2. Carter Beats the Devil. Way better than The Prestige. Sleight-of-hand, fateful love stories, the death of President Warren G. Harding, and gorgeous little cameos from everyone from Philo T. Farnsworth to the Marx Brothers, back when they were doing vaudeville. And I loved all the references to the Bay Area. Carter meets someone very important while walking a lion around Lake Merritt, for example, and his family’s mansion was up in Pacific Heights, where I used to work.
3. Locked Rooms. This is probably not actually my favorite out of the Mary Russell books, I mainly picked it to stay in theme, since it’s set in San Francisco, but the whole series is wonderful. (She’s Sherlock Holmes’s wife, and equally brilliant.) I’m a sucker for any Holmes pastiche, and this is no exception.
3. Which 3 books would you recommend for summer 2008 beach reading?
1. The Beach. It has a beach in it, so it must be good for summer reading, right? Especially the part where they all get food poisoning and people are vomiting and having diarrhea everywhere. This book is one of those ones I don’t remember much about except that it was much more entertaining than I would have expected. I found it for free at a youth hostel or something. I didn’t see the movie.
2. A Tale of Time City. One of my favorite Diana Wynne Jones books, about a girl who gets kidnapped from the WWII children’s evacuation of London into a city that circles outside time. Time City is so imaginative and weird, and I love the mysterious little glimpses into other times, like the Mind Wars.
3. Hot and Heavy, a time-traveling Viking meets Navy SEAL romance novel by Sandra Hill. I am not kidding. I actually read this book, and it really epitomizes fun, fluffy summer reading. I picked it up at the library one day and was fascinated. Let me sum up the plot for you. It’s kind of amazing.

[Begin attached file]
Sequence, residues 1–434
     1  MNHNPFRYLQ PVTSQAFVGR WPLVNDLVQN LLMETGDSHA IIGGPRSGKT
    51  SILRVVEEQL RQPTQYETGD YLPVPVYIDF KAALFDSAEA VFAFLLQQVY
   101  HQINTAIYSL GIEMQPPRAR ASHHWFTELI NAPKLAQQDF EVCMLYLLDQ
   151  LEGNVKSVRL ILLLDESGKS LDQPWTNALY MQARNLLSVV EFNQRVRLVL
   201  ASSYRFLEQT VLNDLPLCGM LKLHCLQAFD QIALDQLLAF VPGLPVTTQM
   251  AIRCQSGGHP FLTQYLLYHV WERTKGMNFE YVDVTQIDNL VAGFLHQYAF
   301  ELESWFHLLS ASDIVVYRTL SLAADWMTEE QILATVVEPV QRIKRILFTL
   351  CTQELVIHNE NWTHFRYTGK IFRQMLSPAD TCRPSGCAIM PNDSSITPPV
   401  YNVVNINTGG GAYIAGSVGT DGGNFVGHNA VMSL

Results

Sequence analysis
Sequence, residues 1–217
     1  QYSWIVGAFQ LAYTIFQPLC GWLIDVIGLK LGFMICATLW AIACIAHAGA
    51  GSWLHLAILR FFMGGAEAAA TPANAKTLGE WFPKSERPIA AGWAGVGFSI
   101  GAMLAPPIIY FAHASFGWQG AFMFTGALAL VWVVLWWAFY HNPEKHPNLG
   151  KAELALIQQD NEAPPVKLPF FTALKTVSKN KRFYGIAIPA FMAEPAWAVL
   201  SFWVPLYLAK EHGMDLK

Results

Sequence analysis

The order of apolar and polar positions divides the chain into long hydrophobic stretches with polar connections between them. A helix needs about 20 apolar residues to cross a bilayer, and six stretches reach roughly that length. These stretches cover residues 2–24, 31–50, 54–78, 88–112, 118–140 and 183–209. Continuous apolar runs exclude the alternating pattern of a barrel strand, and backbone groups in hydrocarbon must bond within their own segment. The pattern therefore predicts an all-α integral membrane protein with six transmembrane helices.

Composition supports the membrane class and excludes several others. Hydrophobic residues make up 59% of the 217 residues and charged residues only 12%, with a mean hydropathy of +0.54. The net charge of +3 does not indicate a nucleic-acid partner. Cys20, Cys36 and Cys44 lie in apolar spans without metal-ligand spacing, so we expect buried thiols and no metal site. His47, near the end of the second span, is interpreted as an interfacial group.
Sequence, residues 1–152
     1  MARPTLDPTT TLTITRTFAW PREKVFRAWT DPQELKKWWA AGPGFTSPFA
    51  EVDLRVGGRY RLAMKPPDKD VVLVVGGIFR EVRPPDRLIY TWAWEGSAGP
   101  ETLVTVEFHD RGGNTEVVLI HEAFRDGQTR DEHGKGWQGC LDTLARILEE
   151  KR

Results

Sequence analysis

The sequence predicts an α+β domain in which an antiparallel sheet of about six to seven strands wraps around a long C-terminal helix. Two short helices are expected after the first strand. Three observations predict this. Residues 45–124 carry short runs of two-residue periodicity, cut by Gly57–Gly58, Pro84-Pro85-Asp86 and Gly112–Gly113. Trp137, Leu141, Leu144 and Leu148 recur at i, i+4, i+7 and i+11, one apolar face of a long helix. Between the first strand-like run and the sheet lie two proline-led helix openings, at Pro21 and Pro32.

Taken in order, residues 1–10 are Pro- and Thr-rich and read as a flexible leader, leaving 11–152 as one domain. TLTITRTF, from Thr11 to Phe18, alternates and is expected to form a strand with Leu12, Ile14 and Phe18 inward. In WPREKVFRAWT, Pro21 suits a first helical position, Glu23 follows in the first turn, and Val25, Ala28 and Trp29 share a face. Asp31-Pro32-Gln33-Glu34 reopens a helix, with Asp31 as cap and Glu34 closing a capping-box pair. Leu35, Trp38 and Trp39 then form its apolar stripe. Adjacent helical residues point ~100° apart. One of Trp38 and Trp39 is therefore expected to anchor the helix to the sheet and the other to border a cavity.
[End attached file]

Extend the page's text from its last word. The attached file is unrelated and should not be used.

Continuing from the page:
A feisty Viking woman with big boobs time-travels from 1013 A.D. to modern-day Iraq, where she meets a handsome young Navy SEAL with rippling muscles, who’s on a mission to take out a high-value Iraqi target. He thinks she’s the Iraqi’s lover, so they capture her. Then they realize she’s not really an insurgent, they get married in a marriage of convenience (I forget why–green card, maybe?) that they plan to annul later, but what they didn’t count on was the strength of their mutual attraction, due to their both being extremely sexy. So they stay married. Or maybe they get it annulled and get married again. In any case, they wind up together at the end, and have a lot of sex, and then the time-traveling Viking discovers that her Viking relatives have also time-traveled to the present and established families, so she doesn’t have to miss her dead relatives in the past anymore. Also, people in this book say “Hoo-yah!” a lot.
There is an entire series of these time-traveling Viking and Navy SEAL books! There are SO MANY of them. I looked at, like, 10 of them trying to figure out which one it was I had read, and I hate to think what my Amazon recommendations are going to look like next time I log on. Here are some others you might enjoy: The Very Virile Viking. My Fair Viking. Truly, Madly, Viking.
4. Any knitting book(s) you care to share?
I just got Knitalong, by Larissa Brown, from the library today, and it has a lot of great patterns in it. The Meathead hat is cute, though I’d like to know why it’s named that, The Pillow of Sei Shonagon is a thing that makes one’s heart beat faster, and I have an inordinate fondness for Adrian’s Entomology Mittens and Hat. Those are just a few of the lovely patterns–there are also felted peace cranes, a felted bird’s nest, a beautiful leaf scarf, and a feather and fan baby bonnet, among other things, and those are just the things I enjoyed from looking at the pictures; I haven’t even gotten to reading any of the writing about the book’s main subject, knitalongs.
So I have to tag three knitters for this meme now. I hope they all have recommendations as good as Truly, Madly, Viking.
And anyone else who wants to do this meme, consider yourself tagged! I know a lot of you have good taste in books, so I’m going to be keeping an eye on your blogs for some good summer reading recommendations.